|Subject Code and Title||PUBH6005: Epidemiology|
|Assessment||Assessment 4: Discussion Forum|
|Length||1,000 words (+/- 10%)|
This assessment addresses the following learning outcomes:
This assessment is aimed at developing student’s ability to reflect on their learning and discuss content and share ideas in a professional online environment. The assessment will develop cognitive and critical thinking skills essential for a career in public health.
By prescribing this assessment, students will develop their academic writing, researching and referencing skills as well as their ability to effectively summarise information. This assessment allows students to broaden their own understanding of each topic through engaging in academic discourse, while developing their skills to engage in formal discussions with their peers.
Part A: covering modules 1 to 3 (due before week 6) Part B: covering modules 4 to 6 (due before week 12)
Step 1: In the Assessment 4 Discussion Forum, post a comment in regard to ONE discussion topic related to modules 1 to 6 (Refer to module discussion topics on page 3 of this assessment brief)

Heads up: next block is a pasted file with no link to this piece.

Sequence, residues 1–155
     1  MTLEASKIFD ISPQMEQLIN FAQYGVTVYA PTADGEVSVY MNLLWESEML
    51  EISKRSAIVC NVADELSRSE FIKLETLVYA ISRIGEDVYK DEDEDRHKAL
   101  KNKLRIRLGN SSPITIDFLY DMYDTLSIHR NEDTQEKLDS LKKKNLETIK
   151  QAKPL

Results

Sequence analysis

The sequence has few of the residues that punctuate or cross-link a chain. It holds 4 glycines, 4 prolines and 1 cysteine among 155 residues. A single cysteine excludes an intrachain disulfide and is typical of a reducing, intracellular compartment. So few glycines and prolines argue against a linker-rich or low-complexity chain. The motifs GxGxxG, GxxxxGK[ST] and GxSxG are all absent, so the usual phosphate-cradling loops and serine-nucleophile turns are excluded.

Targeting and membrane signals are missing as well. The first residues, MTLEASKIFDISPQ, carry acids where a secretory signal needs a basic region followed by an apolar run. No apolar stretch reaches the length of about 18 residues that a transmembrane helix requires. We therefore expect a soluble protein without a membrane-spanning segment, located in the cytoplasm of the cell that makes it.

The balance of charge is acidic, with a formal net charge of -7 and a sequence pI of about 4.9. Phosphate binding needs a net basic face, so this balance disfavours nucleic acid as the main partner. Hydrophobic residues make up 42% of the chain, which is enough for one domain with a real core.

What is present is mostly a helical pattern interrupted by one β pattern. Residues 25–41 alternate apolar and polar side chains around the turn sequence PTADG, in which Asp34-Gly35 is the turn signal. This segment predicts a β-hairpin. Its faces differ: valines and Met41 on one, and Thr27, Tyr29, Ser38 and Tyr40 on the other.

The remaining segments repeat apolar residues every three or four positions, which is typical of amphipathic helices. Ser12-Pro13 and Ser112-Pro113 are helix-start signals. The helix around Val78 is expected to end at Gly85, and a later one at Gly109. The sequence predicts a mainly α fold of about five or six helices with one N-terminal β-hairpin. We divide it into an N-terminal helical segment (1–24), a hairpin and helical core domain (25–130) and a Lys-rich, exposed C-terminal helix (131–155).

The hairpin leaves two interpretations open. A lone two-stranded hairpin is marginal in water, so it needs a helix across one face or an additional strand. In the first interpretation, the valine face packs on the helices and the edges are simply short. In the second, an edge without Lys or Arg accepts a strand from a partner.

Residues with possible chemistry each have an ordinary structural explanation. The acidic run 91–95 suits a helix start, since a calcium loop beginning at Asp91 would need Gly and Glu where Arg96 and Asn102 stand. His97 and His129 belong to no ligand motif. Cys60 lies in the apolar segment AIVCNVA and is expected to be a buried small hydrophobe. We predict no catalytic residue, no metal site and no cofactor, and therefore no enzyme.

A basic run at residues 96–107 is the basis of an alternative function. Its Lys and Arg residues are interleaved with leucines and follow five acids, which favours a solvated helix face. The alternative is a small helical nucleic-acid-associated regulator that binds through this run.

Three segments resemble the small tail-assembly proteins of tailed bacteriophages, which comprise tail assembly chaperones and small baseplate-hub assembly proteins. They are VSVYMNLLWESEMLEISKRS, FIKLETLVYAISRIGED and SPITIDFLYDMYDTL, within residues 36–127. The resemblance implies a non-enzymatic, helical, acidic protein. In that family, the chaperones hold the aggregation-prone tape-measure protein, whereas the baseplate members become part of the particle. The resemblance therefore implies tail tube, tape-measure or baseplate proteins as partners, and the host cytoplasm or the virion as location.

Step 2: Post on at least one other discussion forum post. It is important to note that posting once does not constitute a discussion, and students are to return to the discussion forum to further engage with other students' posts.
Interact in the Discussion Forum by commenting, debating, and adding to the Discussion Forum posts of your fellow students. It is expected that you will add at least one post to one of your fellow student’s posts. Academic debate and discussion must always be conducted with care and respect. Points to consider:
This discussion relates to content delivered in Modules 1 to 6
Students must demonstrate accurate referencing technique according to APA 6th edition. Suggested word count: 1000 words (+/- 10%)
To complete this task, students are encouraged to:
When making links to relevant additional materials, it is important that the correct APA referencing style is being used. This is an area where students can show that they have been using
a wide range of resources.
Module Discussion Topics:
Imagine that you are providing advice to a State Minister for Health on a new policy to mitigate childhood obesity. Would you use incidence or prevalence data to support your policy and why?